“When a book enters prison, a cell opens” – this is what Lucrezia, tutor of the prison education project, told us when she began to tell us about its impact. But how can learning turn a place like prison into a (real) opportunity for redemption?
Progetto Carcere from the University of MIlan is trying to do that by supporting convicts to re-enter society with new knowledge, tools and, most of all, a new consciousness.
From peer-to-peer tutoring to mixed classes seminars held on prison grounds: in this article, you will discover stories that show how education can change the lives of convicts, students, and professors.
Progetto Carcere (literally “Prison Project” in Italian) is a prison education project by University of Milan. From 2015, a group of students and tutors, coordinated by Prof. Stefano Simonetta, Dr. Chiara Dell’Oca and Dr. Caterina Lusiani supports convicts in correctional facilities all over Lombardy to choose and complete a college degree. Because many of them want to be given a second chance by society and they find their answer in studying – and this university is helping them to change their lives through education, as part of its civic responsibility as a public institution.
But what are the pillars on which the Progetto Carcere is based on? How do they make the right to study a reality?
To make university really accessible to all the convicts who are willing to start an educational path.
With mixed classes of “inside” and “outside” students who get to discuss a different range of topics (e.g. What is justice?).
Who twice a month, or even once a week, go into prisons to support and study with their restricted fellow students.
Giulia is a tutor of Progetto Carcere, originally from Rome, which between all the Philosophy courses in Italy expressly chose the one by University of Milan just to take part in its prison education project. What drives her and so many other voluntary students to spend time in prisons to help people who committed crimes to study? It’s not just a matter of curiosity and academic interest, but there’s a whole host of motivations, deeply connected to each person’s story.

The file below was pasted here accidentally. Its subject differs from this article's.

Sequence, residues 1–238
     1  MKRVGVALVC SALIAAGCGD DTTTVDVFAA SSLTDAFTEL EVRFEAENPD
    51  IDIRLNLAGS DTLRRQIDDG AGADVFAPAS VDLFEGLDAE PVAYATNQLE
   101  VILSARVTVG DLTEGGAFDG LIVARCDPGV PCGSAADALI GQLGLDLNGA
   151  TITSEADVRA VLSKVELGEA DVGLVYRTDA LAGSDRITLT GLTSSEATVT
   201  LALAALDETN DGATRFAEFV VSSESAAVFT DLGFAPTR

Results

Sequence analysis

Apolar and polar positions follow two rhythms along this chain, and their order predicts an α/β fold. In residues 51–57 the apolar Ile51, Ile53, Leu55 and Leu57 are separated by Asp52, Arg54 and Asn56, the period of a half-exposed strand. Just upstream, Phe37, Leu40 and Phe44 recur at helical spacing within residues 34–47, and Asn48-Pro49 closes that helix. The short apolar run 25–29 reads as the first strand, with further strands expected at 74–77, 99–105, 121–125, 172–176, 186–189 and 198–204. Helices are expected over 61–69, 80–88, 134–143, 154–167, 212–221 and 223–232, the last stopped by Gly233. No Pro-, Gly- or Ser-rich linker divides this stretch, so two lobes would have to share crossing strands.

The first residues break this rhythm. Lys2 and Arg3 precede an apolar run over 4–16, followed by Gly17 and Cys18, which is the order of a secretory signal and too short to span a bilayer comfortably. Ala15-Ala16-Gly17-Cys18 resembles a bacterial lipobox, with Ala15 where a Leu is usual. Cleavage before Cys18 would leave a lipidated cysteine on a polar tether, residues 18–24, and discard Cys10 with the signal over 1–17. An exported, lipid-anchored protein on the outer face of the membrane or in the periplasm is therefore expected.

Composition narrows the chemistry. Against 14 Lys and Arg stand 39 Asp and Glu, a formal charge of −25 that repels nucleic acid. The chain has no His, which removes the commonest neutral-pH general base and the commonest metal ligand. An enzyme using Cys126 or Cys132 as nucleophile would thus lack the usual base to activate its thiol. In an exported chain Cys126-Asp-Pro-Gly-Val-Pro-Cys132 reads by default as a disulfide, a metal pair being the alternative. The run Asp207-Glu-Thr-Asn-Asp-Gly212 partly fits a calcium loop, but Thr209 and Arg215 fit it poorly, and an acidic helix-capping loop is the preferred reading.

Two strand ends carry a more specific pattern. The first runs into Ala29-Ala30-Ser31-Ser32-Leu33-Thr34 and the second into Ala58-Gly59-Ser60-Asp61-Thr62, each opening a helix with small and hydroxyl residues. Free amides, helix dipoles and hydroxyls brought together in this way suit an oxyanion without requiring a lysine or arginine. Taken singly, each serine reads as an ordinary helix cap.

Many people hold prejudices about prisons, and it’s no wonder why. They’re closed places, often physically distant from society, only known through media channels, which most of the time provide a blurred and distorted vision, distanced from reality.
So, what is the solution? How to have a correct perception? We have to build civic bridges, relationships between people, between outside and inside. And Progetto Carcere does that by putting at the center of all of its initiatives the interaction between convicts and tutors, by making the human relationship its main pedagogical tool.
There are 11 million people in prison worldwide, 24% more than 20 years ago (UNESCO, 2021).
Formerly incarcerated people are 8 times less likely to complete college than the general public (Prison Policy Initiative, 2018)
It was estimated that in 2020, 65% of all jobs in the economy required postsecondary education (George University, 2013)
This is why prison education projects like Progetto Carcere are fundamental, as they make sure that the right to study doesn’t just stay on paper. For example, there’s Bard Prison Initiative (BPI): an international community of practice which promotes university education in correctional facilities all over the world.
But, obviously all of this is useless if there’s no cultural change: convicts themselves have to believe in the value of education. We’ve asked Massimo and Ambrogio to share their thoughts on the matter.